In a photo captured by Sarahbeth Maney, we see Justice Jackson’s daughter, Leila, looking at her mother with the resilience, the pride, and the joy that young Black women from across the nation exuded toward the television screen. Today, the United States Senate has voted in favor of confirming Judge Ketanji Brown Jackson as an Associate Justice to the Supreme Court, making her the first Black woman to serve in the position. With this monumental moment, we take another leap toward a court that, as President Joe Biden described it, “reflects the full talents and greatness of our nation with a nominee of extraordinary qualifications.” We must view this confirmation not as a finished fight but as a victory on the road to a more equitable future.
Jackson’s confirmation, as seen by viewers across the United States, exhibited the need for increased diversity in our Supreme Court. Rather than asking questions regarding her qualifications or law experience, legislators interrogated her for her personal beliefs, many pertaining to women’s issues and Critical Race Theory, despite the lack of connection to her abilities as a judge. This confirmation hearing compared to that of other justices was an unacceptable scrutinization of Justice Jackson’s identity rather than her competency. Although the Harvard graduate professionally answered each question despite interruptions and outburst, such behavior from congressmen and women is intolerable.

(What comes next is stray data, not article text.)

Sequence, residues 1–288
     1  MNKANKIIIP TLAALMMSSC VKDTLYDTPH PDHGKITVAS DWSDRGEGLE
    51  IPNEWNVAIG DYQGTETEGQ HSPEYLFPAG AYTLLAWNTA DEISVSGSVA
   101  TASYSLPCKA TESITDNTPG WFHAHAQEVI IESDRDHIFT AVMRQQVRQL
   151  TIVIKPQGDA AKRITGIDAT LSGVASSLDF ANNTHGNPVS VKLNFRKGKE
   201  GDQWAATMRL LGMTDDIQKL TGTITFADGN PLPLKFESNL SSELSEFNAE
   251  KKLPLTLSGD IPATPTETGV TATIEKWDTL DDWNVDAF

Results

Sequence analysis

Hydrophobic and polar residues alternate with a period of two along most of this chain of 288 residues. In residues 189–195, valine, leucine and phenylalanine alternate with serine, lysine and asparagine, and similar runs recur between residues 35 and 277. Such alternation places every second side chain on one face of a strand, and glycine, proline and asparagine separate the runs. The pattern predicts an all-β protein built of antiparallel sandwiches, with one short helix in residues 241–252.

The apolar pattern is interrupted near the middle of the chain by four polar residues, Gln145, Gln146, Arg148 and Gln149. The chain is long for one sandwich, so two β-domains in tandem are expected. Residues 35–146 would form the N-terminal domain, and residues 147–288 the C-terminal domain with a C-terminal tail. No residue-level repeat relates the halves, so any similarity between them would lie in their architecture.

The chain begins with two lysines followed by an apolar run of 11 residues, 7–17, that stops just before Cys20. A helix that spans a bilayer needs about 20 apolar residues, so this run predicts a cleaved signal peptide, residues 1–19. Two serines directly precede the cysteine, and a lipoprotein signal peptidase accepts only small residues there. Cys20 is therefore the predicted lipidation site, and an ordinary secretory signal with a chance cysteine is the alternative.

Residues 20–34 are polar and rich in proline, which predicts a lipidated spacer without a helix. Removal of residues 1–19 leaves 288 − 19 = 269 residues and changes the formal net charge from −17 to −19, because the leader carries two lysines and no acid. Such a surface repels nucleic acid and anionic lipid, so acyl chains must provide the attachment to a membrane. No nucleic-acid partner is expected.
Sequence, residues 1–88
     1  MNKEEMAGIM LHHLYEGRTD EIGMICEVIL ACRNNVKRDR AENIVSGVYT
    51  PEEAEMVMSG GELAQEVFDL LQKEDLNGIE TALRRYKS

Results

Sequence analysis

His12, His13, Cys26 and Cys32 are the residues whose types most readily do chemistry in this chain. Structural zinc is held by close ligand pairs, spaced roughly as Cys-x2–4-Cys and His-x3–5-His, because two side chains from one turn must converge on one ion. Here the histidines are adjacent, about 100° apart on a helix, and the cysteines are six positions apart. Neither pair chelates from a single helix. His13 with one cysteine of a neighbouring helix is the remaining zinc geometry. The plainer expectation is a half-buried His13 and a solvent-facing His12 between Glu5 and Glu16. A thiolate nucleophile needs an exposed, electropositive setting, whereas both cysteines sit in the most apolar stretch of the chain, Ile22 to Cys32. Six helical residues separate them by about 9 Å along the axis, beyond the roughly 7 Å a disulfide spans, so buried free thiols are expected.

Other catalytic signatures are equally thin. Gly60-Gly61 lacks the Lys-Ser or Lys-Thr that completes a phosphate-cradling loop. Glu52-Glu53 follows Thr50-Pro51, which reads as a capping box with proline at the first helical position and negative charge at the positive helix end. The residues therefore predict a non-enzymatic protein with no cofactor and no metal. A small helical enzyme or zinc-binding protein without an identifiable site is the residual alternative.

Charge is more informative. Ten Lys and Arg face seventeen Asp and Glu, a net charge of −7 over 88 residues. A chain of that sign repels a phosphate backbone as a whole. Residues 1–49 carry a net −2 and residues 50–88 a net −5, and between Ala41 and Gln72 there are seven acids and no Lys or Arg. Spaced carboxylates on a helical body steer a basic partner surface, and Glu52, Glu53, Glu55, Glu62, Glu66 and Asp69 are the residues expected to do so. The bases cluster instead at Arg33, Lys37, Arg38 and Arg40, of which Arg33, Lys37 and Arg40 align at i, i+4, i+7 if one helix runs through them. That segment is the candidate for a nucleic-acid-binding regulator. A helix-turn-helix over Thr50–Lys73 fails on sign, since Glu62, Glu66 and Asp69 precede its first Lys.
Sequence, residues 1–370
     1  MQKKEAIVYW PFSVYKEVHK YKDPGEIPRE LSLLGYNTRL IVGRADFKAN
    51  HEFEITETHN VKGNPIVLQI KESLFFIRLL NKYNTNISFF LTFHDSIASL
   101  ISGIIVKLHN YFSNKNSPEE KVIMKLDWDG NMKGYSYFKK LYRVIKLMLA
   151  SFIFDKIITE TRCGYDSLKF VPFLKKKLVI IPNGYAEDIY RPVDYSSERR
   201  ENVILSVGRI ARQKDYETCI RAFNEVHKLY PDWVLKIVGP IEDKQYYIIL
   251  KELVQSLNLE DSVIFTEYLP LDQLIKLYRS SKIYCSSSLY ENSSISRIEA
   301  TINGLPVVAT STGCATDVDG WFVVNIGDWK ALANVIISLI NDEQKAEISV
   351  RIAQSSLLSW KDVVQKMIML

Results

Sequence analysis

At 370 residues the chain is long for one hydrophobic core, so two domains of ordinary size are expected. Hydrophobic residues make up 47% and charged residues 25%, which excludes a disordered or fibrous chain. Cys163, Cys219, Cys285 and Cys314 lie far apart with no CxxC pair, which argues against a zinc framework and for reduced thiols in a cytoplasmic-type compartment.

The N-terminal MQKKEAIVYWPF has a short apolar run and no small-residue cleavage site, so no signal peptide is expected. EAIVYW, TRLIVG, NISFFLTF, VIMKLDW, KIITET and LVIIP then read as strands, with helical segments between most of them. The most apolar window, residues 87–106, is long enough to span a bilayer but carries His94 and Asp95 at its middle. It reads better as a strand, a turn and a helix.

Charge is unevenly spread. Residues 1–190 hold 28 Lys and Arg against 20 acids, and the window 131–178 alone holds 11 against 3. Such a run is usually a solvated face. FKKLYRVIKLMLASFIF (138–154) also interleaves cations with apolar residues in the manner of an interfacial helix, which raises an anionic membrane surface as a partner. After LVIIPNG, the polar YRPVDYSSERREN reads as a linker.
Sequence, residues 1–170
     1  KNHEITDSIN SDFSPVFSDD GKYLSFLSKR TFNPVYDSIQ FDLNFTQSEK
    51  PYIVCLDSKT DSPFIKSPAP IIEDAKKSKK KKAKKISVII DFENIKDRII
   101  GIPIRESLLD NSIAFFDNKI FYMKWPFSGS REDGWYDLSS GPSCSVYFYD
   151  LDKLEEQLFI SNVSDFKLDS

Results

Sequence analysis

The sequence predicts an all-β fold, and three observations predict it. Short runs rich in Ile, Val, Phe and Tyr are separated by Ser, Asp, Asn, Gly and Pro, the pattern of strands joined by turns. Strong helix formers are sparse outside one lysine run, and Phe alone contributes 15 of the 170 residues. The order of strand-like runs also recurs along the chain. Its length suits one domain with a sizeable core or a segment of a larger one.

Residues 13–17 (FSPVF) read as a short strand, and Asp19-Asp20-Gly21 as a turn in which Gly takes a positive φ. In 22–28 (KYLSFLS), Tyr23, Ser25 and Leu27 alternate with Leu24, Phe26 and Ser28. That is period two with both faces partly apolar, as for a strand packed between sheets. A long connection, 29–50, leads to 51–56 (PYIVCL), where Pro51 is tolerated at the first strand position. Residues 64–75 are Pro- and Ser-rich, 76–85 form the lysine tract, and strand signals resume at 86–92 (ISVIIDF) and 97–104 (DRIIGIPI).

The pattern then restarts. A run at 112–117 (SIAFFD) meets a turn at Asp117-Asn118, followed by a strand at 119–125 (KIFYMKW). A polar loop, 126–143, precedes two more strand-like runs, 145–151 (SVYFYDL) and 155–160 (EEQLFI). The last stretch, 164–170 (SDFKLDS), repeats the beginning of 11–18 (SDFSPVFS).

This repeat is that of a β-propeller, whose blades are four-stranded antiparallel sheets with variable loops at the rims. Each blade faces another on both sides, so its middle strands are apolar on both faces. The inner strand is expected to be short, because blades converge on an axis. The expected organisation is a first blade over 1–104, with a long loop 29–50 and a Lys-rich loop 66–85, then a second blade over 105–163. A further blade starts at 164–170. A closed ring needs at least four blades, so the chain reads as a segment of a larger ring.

Despite the blatant attempts to disparage her qualifications, Justice Jackson emphasized in her speech to Congress and throughout the hearings the importance of diversity in all institutions. In Our Turn’s Truth(Ed) campaign, we power our advocacy with truthful textbooks and lessons that celebrate each student in the classroom. It is our belief that diversity anywhere drives the force for diversity everywhere. As we see the amount of people moved by this confirmation, the power of representation in education is amplified. From the ability to hold progressive discourse regarding race to the empowerment of students of color to fill leadership roles, the need for visibility is emphasized by Justice Ketanji Brown Jackson’s position.
We cannot accept this as a final resolution. We must continue to work toward a tomorrow in which barriers confining spaces of power no longer prevent mobility. We must create a judicial branch that looks like the country it serves. We must generate reform that enhances the facilitation of critical thinking through active conversations regarding diversity and inclusion. We must continue to fight. However, in this moment, we must also remember the smile that Leila gave her mother, watching her create the representation that was never before available. We must remember the tears shed by Senator Cory Booker as he recalled the work of Black women through history to finally reach this joy. We must remember the work to be done, but we must also celebrate how far we have come.